E   (Poems/Prose  @ www.HappyOtter.Com)


We men of Earth have here the stuff
Of Paradise -- we have enough!
We need no other stones to build
The stairs into the Unfulfilled -
No other ivory for the doors -
No other marble for the floors -
No other cedar for the beam
And dome of man's immortal dream.

Here on the paths of every-day -
Here on the common human way
Is all the stuff the gods would take
To build a Heaven, to mold and make
New Edens. Ours the stuff sublime
To build Eternity in time!

--Edwin Markham


Whom do I call educated? First, those who manage well the circumstances which they encounter day by day and those who possess a judgment which is accurate in meeting occasions as they arise and rarely miss the expedient course of action. Next, those who
are decent and honorable in their intercourse with all men, bearing easily and good- naturedly what is unpleasant and offensive in others, and being as agreeable and reasonable to their associates as it is humanly possible to be. Furthermore, those who hold their pleasures always under control and are not ultimately overcome by their
misfortunes, bearing up under them bravely and in a manner worthy of our common nature. Finally, and most important of all, those who are not spoiled by their successes, who do not desert their true selves, but hold their ground steadfastly as wise and sober- minded men, rejoicing no more in the good things that have come to them through chance than in the which, through their own nature and intelligence, are theirs since birth. Those who have a character which is in accord, not with one of these things, but with all of them -- these I maintain are educated and whole men possessed of all the virtues of a man.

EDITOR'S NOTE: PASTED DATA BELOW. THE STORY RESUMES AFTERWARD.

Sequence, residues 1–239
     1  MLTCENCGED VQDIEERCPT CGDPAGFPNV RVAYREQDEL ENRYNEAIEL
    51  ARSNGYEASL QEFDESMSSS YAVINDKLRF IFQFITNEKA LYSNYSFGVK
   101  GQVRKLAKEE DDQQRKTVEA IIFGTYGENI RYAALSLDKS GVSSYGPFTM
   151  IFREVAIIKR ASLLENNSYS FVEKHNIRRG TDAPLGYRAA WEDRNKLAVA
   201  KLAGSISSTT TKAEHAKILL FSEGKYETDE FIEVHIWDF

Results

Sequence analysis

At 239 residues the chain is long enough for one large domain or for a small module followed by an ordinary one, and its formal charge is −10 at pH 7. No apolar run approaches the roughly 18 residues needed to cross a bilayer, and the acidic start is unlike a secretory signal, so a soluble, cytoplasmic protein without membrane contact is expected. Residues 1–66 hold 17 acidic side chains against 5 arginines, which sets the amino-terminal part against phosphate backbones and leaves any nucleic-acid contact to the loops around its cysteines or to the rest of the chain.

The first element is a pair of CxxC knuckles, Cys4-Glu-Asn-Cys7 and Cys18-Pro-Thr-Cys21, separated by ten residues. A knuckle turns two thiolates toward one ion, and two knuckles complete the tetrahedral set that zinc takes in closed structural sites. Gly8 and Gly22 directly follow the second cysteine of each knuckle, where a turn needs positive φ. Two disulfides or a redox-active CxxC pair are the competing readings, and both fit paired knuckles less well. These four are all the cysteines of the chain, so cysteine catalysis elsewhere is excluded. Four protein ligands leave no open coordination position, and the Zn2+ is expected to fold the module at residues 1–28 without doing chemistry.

It was six men of Indostan
To learning much inclined,
Who went to see the elephant
(Though all of them were blind),
That each by observation
Might satisfy his mind.

The first approached the elephant,
And, happening to fall
Against his broad and sturdy side,
At once began to bawl,
"God bless me! but the elephant
Is very like a wall"

The second feeling of the tusk
Cried: "Ho! what have we here
So very round and smooth and sharp?
To me 'tis mighty clear
This wonder of an elephant
Is very like a spear!"

The third approached the animal,
And, happening to take
The squirming trunk within his hands,

Thus boldly up and spake:
"I see," quoth he, "the elephant,
Is very like a snake!"

The fourth reached out his eager hand,
And felt about the knee;
"What most this wondrous beast is like
Is mighty plain," quoth he;
"'Tis clear enough the elephant
Is very like a tree."

The fifth, who chanced to touch the ear,
Said: "E'en the blindest man
Can tell what this resembles most.
Deny the fact who can,
This marvel of an elephant
Is very like a fan!"

The sixth no sooner had begun
About the beast to grope,
Than, seizing on the swinging tail
That fell within his scope,
"I see," quoth he, "the elephant
Is very like a rope!"

And so these men of Indostan
Disputed loud and long,
Each in his own opinion
Exceeding stiff and strong,
Though each was partly in the right,
And all were in the wrong!

So, oft in the theologic wars
The disputants, I ween,
Rail on in utter ignorance
Of what each other mean,
And prate about an elephant
Not one of them has seen!

--John G. Saxe


This is a story about four people named Everybody, Somebody, Anybody, and Nobody. There was an important job to be done and Everybody was asked to do it. Everybody was sure Somebody would do it. Anybody could have done it, but Nobody did it. Somebody got angry about that because it was Everybody's job. Everybody thought
Anybody could do it, but Nobody realized that Everybody wouldn't do it.

It ended up that Everybody blamed Somebody when Nobody did what Anybody could have done.